U.S. warns Nepal over political unrest
KATHMANDU — The United States warned Nepal on Sunday that political strikes threatening to paralyse the country could lead to its travel warning being reinstated.
Opposition leaders called a countrywide shutdown on Saturday — forcing shops to close, crippling transport and sparking violence — after a senior party activist was killed in a prison in the southern district of Chitwan.
The opposition Nepali Congress (NC), which is demanding justice for the killing, has called for a repeat on Monday of the strike, which saw protesters blocking roads, torching cars and vandalising shops across the country.
“The US recently lifted the travel warning for American citizens hoping to visit Nepal and we are actively seeking to bring American investors here,” Scott DeLisi, the US ambassador to Nepal, said on his Facebook page.
“This type of political violence puts our efforts at risk and threatens to recreate the atmosphere that led to the travel warning in the first place.”
Shiva Poudel, chairman of the NC’s youth wing in Chitwan, was critically injured when a group of inmates attacked him on December 6 and he died in Kathmandu on Saturday.
He was on remand, having been accused of murdering a political rival.
The NC demanded an investigation into his death and called on the Maoist-led government to withdraw cases filed against Poudel, declare him a martyr and compensate his family.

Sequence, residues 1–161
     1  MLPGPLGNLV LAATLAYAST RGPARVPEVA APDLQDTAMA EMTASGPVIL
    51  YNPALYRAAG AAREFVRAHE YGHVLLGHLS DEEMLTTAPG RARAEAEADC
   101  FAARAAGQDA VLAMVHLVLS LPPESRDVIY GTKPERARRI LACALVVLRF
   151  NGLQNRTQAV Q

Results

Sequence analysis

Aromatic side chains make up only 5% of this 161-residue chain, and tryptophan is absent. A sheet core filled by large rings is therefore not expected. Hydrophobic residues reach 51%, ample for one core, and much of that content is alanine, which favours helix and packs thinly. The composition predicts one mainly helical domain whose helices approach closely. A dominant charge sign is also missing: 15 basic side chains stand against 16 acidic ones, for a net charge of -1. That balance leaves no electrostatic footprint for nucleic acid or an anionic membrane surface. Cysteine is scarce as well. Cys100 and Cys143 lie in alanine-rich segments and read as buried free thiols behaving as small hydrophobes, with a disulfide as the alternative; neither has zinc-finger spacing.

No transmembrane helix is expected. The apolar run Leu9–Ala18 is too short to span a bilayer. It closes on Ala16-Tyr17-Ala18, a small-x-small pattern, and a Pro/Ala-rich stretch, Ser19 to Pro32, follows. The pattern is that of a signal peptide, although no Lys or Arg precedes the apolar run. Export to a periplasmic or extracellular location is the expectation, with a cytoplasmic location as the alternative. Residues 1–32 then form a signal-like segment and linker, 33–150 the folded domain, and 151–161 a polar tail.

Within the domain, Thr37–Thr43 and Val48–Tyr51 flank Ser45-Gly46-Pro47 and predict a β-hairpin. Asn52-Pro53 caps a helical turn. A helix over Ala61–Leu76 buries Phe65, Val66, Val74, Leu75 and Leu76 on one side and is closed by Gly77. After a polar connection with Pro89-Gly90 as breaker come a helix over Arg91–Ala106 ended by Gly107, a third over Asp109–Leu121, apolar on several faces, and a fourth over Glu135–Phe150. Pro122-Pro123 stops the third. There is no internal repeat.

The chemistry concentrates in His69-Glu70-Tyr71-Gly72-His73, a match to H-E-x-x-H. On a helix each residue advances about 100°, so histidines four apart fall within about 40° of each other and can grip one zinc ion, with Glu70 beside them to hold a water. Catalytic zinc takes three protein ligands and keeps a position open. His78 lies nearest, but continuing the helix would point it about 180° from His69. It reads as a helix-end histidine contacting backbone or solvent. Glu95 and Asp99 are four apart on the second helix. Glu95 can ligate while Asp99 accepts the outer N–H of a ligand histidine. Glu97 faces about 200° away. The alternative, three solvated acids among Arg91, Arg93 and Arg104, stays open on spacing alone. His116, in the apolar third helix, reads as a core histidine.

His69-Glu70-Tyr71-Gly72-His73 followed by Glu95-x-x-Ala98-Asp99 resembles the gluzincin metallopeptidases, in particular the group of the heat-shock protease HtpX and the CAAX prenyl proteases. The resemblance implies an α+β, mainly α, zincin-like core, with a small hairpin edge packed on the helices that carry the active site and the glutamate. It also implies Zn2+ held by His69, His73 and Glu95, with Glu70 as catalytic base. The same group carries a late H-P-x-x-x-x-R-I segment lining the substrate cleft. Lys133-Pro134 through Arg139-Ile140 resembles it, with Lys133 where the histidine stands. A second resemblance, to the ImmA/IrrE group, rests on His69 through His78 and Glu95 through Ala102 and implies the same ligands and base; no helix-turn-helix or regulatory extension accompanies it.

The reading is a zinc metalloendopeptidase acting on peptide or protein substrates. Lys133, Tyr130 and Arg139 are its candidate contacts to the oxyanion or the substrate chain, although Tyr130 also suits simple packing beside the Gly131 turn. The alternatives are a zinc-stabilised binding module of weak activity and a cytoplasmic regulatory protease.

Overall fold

Hundreds of police with wooden sticks and riot shields patrolled the streets of Kathmandu on Sunday.
Prime Minister Baburam Bhattarai offered Poudel’s family one million rupees ($12,000) and asked the party to call off Monday’s strike after an emergency cabinet meeting on Saturday.
Nepal’s civil war ended in 2006 after a decade of fighting that killed some 16,000 people, but the former destination on the legendary hippy trail remained unstable as political leaders struggled to reach a lasting agreement.
But political parties last month reached a breakthrough deal that allows for the reintegration of thousands of former Maoist rebel fighters as the parties work to complete a new constitution.
The US State Department warned Americans in January of the risk of street violence in Nepal, but cancelled the advisory on December 6 saying it “believes country conditions have changed considerably over the past year”.